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Computer Energy Modeling Techniques for Simulation Large Scale Correctional Institutes in Texas
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Building energy simulation programs have undergone an increase in use for evaluating energy consumption and energy conservation retrofits in buildings. Utilization of computer simulation programs for large facilities with multiple buildings, however, has been relatively rare. Due to the immense size of certain facilities such as college campuses and correctional institutes, simulating energy consumption for the entire campus and reporting the energy use by individual building is a time consuming task. Initially, many computer simulation programs were designed to operate on the assumption that the user is simulating one building. Provisions are not usually made to knit together outputs from multiple buildings. Furthermore, programs such as DOE-2 have limits to the number of walls, windows, and zones that can be simulated in one run. This paper presents a methodology to model an entire campus by simulating each building as a single zone consistent with electrical feeders instead of as a separate entity. Since most simulation programs calculate energy use by means of one-dimensional heat transfer, utilizing this method becomes a practical solution, particularly if the facility does not contain buildings with complex internal systems. The energy use can then be extracted from the individual simulations and combined with specially written data handling scripts into a whole-campus energy use. The methods are presented using the DOE-2.1E building energy simulation program to model a 1,000 bed case study correctional unit located in Texas.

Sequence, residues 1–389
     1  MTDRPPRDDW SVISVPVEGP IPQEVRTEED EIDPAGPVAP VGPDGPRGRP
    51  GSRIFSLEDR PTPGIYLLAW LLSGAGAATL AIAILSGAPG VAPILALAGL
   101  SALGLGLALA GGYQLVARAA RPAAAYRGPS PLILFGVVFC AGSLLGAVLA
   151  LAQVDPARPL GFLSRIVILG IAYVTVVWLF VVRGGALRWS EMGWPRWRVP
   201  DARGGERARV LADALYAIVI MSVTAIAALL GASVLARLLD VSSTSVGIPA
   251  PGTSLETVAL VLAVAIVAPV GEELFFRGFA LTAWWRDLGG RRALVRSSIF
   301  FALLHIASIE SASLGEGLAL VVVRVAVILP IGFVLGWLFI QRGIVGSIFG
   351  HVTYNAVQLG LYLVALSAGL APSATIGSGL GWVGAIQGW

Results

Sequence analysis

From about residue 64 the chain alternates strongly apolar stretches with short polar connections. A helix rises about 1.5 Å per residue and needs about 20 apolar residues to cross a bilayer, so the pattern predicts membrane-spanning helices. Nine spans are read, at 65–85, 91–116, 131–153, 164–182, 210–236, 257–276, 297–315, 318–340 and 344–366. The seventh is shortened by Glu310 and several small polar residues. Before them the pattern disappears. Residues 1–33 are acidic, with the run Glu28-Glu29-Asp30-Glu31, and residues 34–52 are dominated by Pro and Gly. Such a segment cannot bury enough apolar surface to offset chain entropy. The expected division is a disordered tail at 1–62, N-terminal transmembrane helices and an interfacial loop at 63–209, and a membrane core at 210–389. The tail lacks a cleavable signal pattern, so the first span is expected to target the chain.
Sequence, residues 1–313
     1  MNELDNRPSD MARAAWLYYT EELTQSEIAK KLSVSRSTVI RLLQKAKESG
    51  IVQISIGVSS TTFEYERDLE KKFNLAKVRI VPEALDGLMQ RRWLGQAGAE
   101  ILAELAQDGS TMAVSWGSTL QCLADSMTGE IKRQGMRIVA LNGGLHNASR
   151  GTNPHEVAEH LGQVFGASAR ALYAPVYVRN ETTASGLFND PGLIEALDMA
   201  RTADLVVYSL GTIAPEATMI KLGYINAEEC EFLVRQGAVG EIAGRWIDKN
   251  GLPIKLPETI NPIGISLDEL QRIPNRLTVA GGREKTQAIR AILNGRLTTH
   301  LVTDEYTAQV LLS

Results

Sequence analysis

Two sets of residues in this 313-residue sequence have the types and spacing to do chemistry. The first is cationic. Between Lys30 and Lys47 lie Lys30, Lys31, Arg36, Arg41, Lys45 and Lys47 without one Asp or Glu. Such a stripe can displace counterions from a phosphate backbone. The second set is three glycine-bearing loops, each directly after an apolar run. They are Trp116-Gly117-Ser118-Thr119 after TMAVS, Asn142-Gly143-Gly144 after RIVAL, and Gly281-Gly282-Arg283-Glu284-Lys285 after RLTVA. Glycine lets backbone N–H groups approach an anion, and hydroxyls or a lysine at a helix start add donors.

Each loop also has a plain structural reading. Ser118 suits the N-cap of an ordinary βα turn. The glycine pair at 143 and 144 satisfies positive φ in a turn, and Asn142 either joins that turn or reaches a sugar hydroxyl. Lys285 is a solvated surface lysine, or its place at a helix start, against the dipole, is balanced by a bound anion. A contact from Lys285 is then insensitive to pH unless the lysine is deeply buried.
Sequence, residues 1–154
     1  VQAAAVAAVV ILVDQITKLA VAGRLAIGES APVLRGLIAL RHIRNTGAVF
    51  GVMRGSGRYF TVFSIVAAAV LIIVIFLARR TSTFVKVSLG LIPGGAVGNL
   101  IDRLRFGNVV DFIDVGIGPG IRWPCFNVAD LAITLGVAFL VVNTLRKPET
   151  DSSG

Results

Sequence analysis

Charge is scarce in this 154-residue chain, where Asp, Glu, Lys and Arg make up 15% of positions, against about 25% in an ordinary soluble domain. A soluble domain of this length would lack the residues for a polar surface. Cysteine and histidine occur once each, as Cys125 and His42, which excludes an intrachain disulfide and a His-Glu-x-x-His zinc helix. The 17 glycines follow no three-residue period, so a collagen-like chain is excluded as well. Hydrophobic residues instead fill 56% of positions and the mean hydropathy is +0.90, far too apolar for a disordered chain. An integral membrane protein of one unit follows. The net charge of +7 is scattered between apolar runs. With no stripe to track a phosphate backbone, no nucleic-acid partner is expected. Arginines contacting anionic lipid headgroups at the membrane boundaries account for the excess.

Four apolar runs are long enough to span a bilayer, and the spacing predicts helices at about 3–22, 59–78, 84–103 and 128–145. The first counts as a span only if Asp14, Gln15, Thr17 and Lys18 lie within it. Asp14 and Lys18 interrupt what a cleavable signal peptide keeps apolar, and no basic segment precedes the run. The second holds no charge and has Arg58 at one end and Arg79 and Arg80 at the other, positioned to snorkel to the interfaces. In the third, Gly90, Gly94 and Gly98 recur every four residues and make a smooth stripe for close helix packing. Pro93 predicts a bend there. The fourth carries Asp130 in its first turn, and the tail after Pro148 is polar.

Heneghan, T.; Haberl, J. S.; Saman, N.; Bou-Saada, T. E. (1996). Computer Energy Modeling Techniques for Simulation Large Scale Correctional Institutes in Texas. Energy Systems Laboratory (http://esl.tamu.edu); Texas A&M University (http://www.tamu.edu). Available electronically from